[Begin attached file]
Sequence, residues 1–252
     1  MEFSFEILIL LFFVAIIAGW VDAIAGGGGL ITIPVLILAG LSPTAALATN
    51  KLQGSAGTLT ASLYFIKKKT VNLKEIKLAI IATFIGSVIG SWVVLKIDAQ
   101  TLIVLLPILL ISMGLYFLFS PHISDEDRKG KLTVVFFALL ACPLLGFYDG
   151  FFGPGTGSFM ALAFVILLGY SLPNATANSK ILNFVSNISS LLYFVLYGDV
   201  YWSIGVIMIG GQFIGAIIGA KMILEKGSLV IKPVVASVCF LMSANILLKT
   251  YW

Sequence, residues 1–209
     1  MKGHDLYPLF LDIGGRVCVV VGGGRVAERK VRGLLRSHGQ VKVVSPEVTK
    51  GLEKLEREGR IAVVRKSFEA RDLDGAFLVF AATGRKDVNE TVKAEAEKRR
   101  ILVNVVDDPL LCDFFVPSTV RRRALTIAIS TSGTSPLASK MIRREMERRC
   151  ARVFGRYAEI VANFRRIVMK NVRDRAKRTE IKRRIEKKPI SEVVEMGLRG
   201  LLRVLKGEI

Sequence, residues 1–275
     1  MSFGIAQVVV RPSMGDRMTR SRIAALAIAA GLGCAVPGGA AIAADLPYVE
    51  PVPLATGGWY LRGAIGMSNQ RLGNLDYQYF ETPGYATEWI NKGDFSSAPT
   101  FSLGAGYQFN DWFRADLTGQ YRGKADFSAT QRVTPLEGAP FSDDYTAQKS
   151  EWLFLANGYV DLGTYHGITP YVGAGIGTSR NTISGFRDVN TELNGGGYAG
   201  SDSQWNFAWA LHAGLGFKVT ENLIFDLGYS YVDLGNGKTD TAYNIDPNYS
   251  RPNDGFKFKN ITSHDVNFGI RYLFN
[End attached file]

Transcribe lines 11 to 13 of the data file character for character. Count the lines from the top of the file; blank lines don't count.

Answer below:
   101  ILVNVVDDPL LCDFFVPSTV RRRALTIAIS TSGTSPLASK MIRREMERRC
   151  ARVFGRYAEI VANFRRIVMK NVRDRAKRTE IKRRIEKKPI SEVVEMGLRG
   201  LLRVLKGEI